Now, if Tom O’Hara really tries…
In Chicago last week Tom O'Hara bettered his own indoor Mile world record with a stirring run
By Tom C. Brody, Sports Illustrated
Tom O'Hara is a shy, unassuming fellow whose most outrageous boast is a claim that he weighs 131 pounds. He has broken the world record for the indoor Mile twice this winter, yet he still has the uneasy feeling he is a boy running against men. A shambling redhead with the posture of a consumptive filing clerk, he merely looks like a boy. He is, in fact, the best Miler in the world, with only one real weakness—he doesn't believe it.
Last week in Chicago this lack of self-confidence cost Tom O'Hara at least two seconds in the Bankers Mile—and a chance to run even faster than Peter Snell's world outdoor record time of 3:54.4. Not that O'Hara's race was anything to be ashamed of. With 160 yards to go, he smoothly shifted into a sprinter's stride and ran away from Jim Grelle, his closest rival, finishing in 3:56.4. The time was the fastest ever recorded for an indoor Mile, breaking by .2 second the record O'Hara had set just three weeks earlier in New York. But he could have gone faster and would have, except for the improbable fear that Grelle, no longer in his class, would outkick him in the last lap.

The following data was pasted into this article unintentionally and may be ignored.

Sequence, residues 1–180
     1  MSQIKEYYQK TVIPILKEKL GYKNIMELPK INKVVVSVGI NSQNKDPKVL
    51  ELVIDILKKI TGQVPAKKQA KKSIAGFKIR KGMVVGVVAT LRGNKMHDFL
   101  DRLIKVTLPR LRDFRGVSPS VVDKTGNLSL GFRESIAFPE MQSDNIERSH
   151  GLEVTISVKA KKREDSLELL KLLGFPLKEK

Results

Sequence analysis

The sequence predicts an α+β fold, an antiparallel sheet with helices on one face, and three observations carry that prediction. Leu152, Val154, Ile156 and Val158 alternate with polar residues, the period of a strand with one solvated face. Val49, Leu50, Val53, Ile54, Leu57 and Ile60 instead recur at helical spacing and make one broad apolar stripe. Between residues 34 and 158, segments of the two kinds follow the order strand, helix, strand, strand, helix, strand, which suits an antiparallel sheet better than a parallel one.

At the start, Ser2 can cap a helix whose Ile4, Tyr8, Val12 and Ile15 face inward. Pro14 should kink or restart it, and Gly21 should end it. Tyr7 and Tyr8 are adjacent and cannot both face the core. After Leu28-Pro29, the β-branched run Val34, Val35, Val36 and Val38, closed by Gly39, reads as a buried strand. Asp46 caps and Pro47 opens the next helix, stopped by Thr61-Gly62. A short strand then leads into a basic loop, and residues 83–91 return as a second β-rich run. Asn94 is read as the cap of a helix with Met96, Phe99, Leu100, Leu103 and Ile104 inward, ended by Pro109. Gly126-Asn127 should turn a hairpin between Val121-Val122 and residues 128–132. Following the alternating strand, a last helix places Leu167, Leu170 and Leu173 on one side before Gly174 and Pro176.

All week long the Chicago Daily News, sponsor of the meet, had been promising its readers a record. So excited had the local citizenry become that the high school basketball tournament, annually the breeziest conversational gambit around the Loop, was upstaged by O'Hara, now known affectionately as Mousemeat to his flock of new fans. Even the mayor himself, Richard J. Daley, had to scrounge for tickets to the meet, which had never sold out before.
Quite obviously O'Hara knew what was expected of him. The pressure was enough to keep a seasoned trouper in an agitated state, not to mention an insecure one, and O'Hara's coach, Jerry Weiland, tried desperately to ease his star runner's state of mind. Facing reporters with the hangdog look of a man who had just invested his life savings in an Edsel agency, he assured everybody that "Tom's a tired boy. All we're after is a win." Then, remembering his obligations as a promoter, he added: "Of course, all his friends and family will be there. He'll give you a good run."
Privately, Weiland thought it quite probable that O'Hara was going to set an indoor record and, more privately still, he was not a bit sure that Snell's outdoor time was safe. But he studiously refrained from expressing his innermost thoughts within earshot of O'Hara, who has a history of reacting to such news with sleepless nights. "Don't even think of records," Weiland told O'Hara. "We've got a whole outdoor season ahead of us."
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